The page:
Roger Hayden's 'Vision Thing'

December 07, 1992

Don't envy Roger Hayden. Halfway through his four-year term as Baltimore County executive, Mr. Hayden is the political lightning rod of a jurisdiction that certainly has seen better days.

The county's biggest problems include a populace becoming more elderly and less affluent by the day, a growing concern about crime and a government knee-deep in red ink.

In addressing the economy and its impact on the county, Mr. Hayden has made some smart moves. He has been the reluctant but realistic bearer of bad tidings -- namely, government can't afford to keep playing sugar daddy. Government, he maintains, must reduce its responsibilities through program cuts and partnerships with the private sector. Also, he bucked the county's anti-tax zealots by, wisely, urging a boost in the piggyback tax.

Yet Mr. Hayden's critics contend he sounds the gloomy "less government" theme ad nauseam, to the exclusion of communicating a "vision thing" that would indicate what his administration is about, other than downsizing government and keeping the county running on a daily basis. Supporters of the executive say that's vision enough for a public leader battling the worst economic climate that Baltimore County has seen in decades.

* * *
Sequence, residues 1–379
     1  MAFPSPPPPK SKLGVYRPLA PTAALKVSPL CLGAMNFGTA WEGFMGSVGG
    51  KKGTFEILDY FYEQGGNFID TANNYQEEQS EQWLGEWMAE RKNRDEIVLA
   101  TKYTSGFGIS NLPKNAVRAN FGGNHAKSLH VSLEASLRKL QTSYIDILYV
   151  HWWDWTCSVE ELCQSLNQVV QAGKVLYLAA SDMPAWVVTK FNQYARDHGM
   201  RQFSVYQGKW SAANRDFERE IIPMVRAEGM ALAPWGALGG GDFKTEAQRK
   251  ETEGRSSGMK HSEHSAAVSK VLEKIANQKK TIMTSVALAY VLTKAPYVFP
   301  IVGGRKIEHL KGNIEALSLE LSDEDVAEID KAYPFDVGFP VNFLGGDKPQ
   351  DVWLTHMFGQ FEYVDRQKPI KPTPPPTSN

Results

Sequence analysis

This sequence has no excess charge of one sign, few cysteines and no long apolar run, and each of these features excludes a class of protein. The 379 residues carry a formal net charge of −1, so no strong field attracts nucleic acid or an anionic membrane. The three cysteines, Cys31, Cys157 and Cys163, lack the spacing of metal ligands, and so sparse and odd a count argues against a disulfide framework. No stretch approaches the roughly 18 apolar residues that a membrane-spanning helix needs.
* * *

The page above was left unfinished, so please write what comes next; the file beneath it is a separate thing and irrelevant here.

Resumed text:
Communication has indeed been a bugaboo of the Hayden tenure. Earlier this year, he changed public information directors in an attempt to open up his administration. However, Mr. Hayden is still viewed as lacking the best of relations with such important players as the County Council and the business community. The executive seemingly has been unable to shake the close-to-the-vest methods of his days on Baltimore County's school board, an appointive body answerable to no one.

Mr. Hayden will need communication skills and every other tool he can muster as he enters what may be his make-or-break period. Through next spring, he will announce his proposals for cutting nearly $30 million to balance the county budget. Another tax hike seems a long shot. The rainy-day fund won't be touched. That means reduced programs and services, maybe another round of furloughs for government workers, maybe even layoffs. All are steps that could snap the already thin patience of county employees and residents.

How Mr. Hayden handles this budget-shaping process will likely determine his chances of winning a second term two years from now.

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